10 Predictions for 2023: No. 4 - City Centers Start to Get More Residential
The best, and inevitable, course of action is to reimagine and rezone much of the excess office space for residential use.
(I’m making 10 predictions for 2023. Find the links to my others at the bottom of this post.)
In February of this year, New York City Mayor Eric Adams told leaders of some of the city's largest employers that it was “time to get back to work,” his oft-repeated phrase for getting more of the city’s 1.6 million residents who work in the “office sector” back to the office:
“We can’t send mixed messages,” Adams said of different major banks and tech companies that continue to delay return dates. “We can’t keep kicking the can down the road.”
The mayor said he met with 100 chief executive officers this week as part of scheduled meetings his office has with both small businesses and corporations in the city. He used the meeting to coax them into participating in his summer youth jobs expansion and to get their workers back into the office to stimulate the city’s economy.
“Now is the time for us to get back,” Adams said in a press conference for his first budget presentation. “I’m hoping within the next few weeks the CEOs map out a real plan of ‘this is when you need to come back.’”
At the time, roughly 28% of NYC office workers were back in the office on any given day. Yet, less than a month later, Mayor Adams had already begun to soften his stance on the issue:
“It is going to take us some time before we define what [the workplace during] COVID is going to look like,” Adams told reporters on Thursday at an unrelated press conference at the Hunts Point Cooperative in the Bronx. He said that some employers, like those in the tech sector, are “operating differently.”
What I’d like to imagine the mayor learned in those three weeks is what many mayors, urban planners, real estate developers, local officials, companies, and residents, will start to realize in 2023...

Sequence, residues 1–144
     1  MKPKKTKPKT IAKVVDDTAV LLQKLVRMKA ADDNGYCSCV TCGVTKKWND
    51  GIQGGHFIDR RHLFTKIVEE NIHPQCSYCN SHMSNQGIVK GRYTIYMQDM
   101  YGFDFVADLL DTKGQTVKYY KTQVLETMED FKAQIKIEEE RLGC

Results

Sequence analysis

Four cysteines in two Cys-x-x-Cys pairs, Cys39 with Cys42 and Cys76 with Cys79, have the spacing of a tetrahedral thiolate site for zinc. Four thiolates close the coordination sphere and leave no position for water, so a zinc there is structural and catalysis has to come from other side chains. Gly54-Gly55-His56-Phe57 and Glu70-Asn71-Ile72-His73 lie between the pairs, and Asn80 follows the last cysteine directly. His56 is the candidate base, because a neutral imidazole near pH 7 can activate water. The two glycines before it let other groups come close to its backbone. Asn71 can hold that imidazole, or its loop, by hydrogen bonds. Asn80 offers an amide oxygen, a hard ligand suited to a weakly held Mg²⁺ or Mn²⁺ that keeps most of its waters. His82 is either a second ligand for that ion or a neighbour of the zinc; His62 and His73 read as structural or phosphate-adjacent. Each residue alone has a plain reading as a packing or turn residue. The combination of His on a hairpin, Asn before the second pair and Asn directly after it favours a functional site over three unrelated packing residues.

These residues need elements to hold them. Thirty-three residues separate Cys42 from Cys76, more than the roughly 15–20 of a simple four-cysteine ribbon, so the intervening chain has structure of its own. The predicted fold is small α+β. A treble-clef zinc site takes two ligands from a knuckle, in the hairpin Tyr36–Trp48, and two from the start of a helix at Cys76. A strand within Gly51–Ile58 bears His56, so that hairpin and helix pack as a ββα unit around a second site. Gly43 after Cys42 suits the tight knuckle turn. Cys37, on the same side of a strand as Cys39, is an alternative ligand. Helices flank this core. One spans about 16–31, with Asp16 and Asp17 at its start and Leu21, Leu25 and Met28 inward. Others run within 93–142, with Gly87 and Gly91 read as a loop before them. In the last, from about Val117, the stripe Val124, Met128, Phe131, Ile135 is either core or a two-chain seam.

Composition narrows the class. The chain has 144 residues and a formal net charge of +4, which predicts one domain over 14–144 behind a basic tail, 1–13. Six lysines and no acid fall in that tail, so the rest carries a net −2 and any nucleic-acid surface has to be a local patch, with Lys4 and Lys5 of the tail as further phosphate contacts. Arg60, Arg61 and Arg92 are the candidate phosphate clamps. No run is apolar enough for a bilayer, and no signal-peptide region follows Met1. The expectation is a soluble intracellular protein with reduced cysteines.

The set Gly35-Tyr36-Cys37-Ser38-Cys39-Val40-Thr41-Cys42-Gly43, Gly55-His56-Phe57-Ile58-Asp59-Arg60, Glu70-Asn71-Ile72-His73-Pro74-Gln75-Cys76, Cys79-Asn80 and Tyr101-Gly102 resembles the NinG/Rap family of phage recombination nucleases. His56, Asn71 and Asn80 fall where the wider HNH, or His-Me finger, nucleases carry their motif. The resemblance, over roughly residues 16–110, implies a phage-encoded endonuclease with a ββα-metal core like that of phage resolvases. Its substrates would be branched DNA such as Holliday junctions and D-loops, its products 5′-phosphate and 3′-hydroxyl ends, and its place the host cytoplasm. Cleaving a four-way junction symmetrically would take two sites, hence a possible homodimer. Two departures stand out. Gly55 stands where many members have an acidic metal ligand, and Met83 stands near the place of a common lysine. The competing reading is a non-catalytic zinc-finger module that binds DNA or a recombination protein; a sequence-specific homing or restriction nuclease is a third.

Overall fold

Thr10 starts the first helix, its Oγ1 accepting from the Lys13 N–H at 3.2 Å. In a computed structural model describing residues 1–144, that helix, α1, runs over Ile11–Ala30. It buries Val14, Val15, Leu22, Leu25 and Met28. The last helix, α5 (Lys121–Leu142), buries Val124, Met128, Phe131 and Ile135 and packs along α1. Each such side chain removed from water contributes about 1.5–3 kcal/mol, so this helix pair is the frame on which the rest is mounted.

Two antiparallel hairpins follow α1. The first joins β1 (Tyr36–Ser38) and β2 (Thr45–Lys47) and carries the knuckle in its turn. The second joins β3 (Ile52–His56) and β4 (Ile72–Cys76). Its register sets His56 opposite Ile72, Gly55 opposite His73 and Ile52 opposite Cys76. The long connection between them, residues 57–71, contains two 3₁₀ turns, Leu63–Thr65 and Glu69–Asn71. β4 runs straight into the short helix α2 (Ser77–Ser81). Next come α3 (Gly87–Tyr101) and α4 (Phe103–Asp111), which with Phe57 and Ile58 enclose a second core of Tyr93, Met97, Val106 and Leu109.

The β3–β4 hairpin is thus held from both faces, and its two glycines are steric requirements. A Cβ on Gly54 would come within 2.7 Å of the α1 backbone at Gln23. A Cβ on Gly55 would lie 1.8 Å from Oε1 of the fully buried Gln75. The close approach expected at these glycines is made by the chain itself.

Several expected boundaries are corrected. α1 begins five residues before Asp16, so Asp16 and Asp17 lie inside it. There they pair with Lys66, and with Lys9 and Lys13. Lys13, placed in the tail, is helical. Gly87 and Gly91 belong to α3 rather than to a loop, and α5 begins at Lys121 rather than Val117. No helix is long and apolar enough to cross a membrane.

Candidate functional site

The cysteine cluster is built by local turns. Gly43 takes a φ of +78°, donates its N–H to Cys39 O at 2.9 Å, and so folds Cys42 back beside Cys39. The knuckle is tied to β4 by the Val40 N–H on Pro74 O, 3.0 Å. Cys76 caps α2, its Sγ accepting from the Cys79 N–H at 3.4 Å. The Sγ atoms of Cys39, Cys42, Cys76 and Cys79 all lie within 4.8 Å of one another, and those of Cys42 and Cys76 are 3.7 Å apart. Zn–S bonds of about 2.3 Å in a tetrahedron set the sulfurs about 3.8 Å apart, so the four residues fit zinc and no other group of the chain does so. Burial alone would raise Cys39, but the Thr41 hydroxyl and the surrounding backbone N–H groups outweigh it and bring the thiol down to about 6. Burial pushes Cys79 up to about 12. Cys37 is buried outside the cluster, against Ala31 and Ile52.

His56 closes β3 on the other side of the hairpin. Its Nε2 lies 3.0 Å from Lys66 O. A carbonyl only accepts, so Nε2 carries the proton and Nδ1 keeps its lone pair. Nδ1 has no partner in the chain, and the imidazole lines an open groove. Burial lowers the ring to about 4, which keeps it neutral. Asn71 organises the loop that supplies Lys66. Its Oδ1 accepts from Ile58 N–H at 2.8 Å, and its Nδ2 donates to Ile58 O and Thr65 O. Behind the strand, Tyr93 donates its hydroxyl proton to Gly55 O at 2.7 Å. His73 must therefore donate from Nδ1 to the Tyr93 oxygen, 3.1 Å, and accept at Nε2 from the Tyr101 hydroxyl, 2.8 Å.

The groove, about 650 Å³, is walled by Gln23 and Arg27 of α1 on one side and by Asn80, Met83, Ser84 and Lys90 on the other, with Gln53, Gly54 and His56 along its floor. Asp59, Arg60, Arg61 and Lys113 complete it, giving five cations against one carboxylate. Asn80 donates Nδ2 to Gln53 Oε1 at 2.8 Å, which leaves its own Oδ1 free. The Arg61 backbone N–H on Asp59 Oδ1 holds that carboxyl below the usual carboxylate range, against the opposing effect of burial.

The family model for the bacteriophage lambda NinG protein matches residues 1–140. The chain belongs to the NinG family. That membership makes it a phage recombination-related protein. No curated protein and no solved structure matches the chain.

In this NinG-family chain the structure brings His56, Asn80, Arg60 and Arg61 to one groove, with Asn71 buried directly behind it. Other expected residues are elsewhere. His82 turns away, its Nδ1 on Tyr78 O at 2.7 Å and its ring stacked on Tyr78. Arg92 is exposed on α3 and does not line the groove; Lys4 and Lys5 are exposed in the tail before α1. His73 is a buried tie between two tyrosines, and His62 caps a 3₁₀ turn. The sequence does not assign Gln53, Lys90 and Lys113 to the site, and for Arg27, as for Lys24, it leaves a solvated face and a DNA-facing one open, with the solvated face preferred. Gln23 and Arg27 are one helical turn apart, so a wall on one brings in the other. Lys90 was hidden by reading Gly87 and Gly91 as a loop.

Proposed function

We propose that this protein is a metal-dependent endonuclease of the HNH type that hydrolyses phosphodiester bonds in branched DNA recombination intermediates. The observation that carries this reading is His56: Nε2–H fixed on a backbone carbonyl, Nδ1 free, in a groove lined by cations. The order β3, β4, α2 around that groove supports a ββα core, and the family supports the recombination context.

Only a third of office workers are coming back to the office. Many cities now have too much office space. The best, and inevitable, course of action is to reimagine and rezone much of this excess office space for residential use.
Your city’s downtown will never look like it did before the pandemic.
The more quickly your city’s public officials, urban planners, corporate executives, and real estate professionals realize this, the better they can plan for what’s next.
According to The New York Times' Conor Dougherty and Emma Goldberg, San Francisco’s downtown, at 40% of pre-pandemic office occupancy, is at, or near, the bottom of big city business districts.
So what is next?
I believe that going forward, the natural equilibrium of office occupancy will be around 36%.
Here’s my logic...
According to a 2022 survey from Gallup of people whose jobs can be done remotely:
🏠 34% want to be fully remote
🚗 60% want hybrid work
🏢 6% want to be fully in office
If those hybrid workers hope to work in the office ~2.5 days per work, the math works out to ~36% of people in the office on any given weekday.
Any business district with office occupancy rates significantly higher than 36% of pre-pandemic levels will face downward pressure on occupancy in the long run.
Rather than fight this pressure, cities should adapt to it.
One form of adaptation is reimagining -- and rezoning -- much of that commercial office space as residential space.
If that happens, who wins?
🙋🏽♀️ Residents - more housing supply lowers rents
🌎 The planet - more densely built supply has a lower carbon footprint
👩🏼💼 Commercial real estate professionals - rents and values will fall
🏪 Worker-centered businesses - think of the fast-casual restaurant that caters to office workers but not to families
To be clear, this transition itself won’t happen in 2023, but the last holdouts of the get-back-to-the-office crowd will stop deluding themselves into thinking you can bully people into pre-pandemic behavior.
Instead, 2023 will be the year when an influx of city decision-makers, whether out of capitulation or economic incentives, start to prepare for this urban reimagining.
Emil Skandul explains in Insider that, nearly three years into the pandemic, this realization hasn’t happened yet.
Empty offices can become apartments to ease housing pressure while also bringing more people back to downtown areas. But after two years, few buildings have been converted. Jessica Morin, the head of US office research at the commercial real-estate firm CBRE Group Inc., said there hasn't been a "noticeable increase" in conversions. Since 2016, only 112 commercial office spaces in the US have been converted, while 85 projects are underway or have been announced, according to CBRE's data.
In 2023, that “noticeable increase” will begin.
If you’re interested in more ideas for what the city of today, and tomorrow, should look like, check out ‘The NOVA Cities Index,’ a framework for the most forward-thinking cities that I co-developed as part of a group of city experts from Europe and the U.S.
I’m making 10 Predictions for 2023. Read my others below.